FLIGHT

Overall Impression – Some great performances, but an uneven logic and a main character who is too unlikeable for way too long.

THE FOUR QUESTIONS

Who is your main character? – Captain ‘Whip’ Whitaker.

What is he trying to accomplish? – Physical: Get through the FTSB investigation of his crash. Emotional: Build a loving relationship with Nicole. Spiritual: Take responsibility for his alcoholism and stop lying about his life.

Who’s trying to stop him? – Ellen Block, the FTSB investigator but she is waaaaaaay in the background.  Ultimately, Whip is his own worst enemy.

What happens if he fails? – He will go to jail, possibly forever.

THE FOUR ARCHETYPES

Orphan – Whip is divorced, has no relationship with either his ex-wife or his son, and after the crash he removes himself from everyone.

Wanderer – After he finds out that blood has already been drawn from him after the crash (which will show just how intoxicated he was at the time of the crash) Whip is given a lawyer who will defend him.  He saves Nicole after she is kicked out of her apartment by having her move in with him.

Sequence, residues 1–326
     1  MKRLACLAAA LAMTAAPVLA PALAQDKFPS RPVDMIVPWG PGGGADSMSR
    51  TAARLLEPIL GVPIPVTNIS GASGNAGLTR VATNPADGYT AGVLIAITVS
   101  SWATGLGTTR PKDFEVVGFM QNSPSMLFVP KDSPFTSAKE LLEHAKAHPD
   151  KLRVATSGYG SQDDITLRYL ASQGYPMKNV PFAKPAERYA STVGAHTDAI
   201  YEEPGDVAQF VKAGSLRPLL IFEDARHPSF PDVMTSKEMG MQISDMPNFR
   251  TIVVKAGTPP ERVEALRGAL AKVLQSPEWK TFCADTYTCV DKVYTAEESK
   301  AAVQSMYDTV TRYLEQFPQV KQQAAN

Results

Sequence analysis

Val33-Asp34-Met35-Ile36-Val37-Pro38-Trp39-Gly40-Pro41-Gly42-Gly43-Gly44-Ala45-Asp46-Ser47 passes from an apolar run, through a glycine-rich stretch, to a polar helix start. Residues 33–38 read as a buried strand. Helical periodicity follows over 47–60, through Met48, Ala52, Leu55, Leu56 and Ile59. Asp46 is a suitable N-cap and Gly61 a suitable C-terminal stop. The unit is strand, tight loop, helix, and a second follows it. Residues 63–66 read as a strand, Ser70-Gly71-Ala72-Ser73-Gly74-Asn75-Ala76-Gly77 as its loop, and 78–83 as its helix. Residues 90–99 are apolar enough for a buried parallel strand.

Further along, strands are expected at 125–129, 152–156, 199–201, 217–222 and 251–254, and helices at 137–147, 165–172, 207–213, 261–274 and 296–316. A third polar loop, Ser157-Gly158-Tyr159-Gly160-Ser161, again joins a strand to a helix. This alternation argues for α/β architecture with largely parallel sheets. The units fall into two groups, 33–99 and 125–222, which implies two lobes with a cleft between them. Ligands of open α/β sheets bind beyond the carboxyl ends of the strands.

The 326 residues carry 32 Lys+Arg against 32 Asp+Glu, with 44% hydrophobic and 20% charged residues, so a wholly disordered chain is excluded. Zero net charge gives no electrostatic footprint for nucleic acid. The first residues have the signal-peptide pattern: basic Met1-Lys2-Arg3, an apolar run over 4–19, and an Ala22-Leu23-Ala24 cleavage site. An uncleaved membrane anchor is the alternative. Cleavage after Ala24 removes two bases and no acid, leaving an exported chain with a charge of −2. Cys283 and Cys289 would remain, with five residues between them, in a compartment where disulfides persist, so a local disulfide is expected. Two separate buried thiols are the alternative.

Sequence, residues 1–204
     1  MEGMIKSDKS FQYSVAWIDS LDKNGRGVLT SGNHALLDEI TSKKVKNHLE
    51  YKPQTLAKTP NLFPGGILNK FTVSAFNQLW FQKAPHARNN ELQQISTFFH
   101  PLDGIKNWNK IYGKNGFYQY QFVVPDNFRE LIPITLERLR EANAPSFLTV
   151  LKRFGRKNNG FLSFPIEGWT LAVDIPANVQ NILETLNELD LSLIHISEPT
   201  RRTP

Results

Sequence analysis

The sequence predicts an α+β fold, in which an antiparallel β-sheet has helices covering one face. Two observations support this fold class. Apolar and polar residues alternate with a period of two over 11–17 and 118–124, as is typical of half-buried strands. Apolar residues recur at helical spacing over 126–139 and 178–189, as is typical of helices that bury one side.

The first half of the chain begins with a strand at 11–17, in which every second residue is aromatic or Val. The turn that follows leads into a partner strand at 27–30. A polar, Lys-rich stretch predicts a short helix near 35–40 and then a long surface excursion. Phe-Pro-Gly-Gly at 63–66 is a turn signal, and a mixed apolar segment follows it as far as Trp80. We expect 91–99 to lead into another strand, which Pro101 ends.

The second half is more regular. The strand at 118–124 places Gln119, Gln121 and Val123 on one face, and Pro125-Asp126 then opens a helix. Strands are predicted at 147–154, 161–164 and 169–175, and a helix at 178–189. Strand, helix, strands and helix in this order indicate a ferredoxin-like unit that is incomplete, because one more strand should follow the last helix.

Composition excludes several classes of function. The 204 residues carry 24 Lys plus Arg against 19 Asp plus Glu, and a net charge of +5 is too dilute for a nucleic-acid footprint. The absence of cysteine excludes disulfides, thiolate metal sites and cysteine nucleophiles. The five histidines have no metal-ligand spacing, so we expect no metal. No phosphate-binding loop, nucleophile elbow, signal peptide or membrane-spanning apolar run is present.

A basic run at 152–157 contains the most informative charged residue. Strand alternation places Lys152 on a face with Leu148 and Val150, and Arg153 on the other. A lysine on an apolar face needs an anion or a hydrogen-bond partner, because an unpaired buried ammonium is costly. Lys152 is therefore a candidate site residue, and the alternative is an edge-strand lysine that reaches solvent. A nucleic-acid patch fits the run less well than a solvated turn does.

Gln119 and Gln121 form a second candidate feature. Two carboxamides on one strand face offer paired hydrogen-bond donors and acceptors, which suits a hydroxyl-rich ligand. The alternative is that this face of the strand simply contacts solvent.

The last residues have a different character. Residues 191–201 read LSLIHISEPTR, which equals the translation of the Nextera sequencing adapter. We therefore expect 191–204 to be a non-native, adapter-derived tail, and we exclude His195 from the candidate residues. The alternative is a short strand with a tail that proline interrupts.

Warrior – Whip attends an AA meeting but can’t take it.  He eventually decides to run away with Nicole but she leaves him.  He battles his alcoholism very unsuccessfully, eventually agreeing to stay at a friend’s house to dry out before the hearing.

Martyr – At the hearing, Whip has the opportunity to get away cleanly by implying that his girlfriend, an heroic stewardess on the doomed flight, was negligent and intoxicated.  He decides to stop lying and admits he was drunk when the plane went down.

AND, IN THE END…

Denzel Washington plays Whip Whitaker in three modes: drunk, more drunk, and wishing he were drunk.  While I’m sure it’s an accurate depiction of a man who has lost himself to booze and drugs, dramatically I found it to be very limited.  It reminds me of watching the unrelenting misery in the movie ‘Angela’s Ashes’ where, after 90 minutes, I wanted to scream out “I get it already!  They’re poor!”  Here, I kept waiting for Denzel to really fight his demons, but instead all we get are more demons.  Even that’s not wholly accurate; we get more of the same demons.

I would have preferred to see more of a struggle, a man fighting for more control.  The film hits us pretty hard with the thematic question of ‘Man in Control vs. Acts of God’ but while Acts of God are good theology, Acts of Man are better drama.

– Jeffrey Alan Schechter

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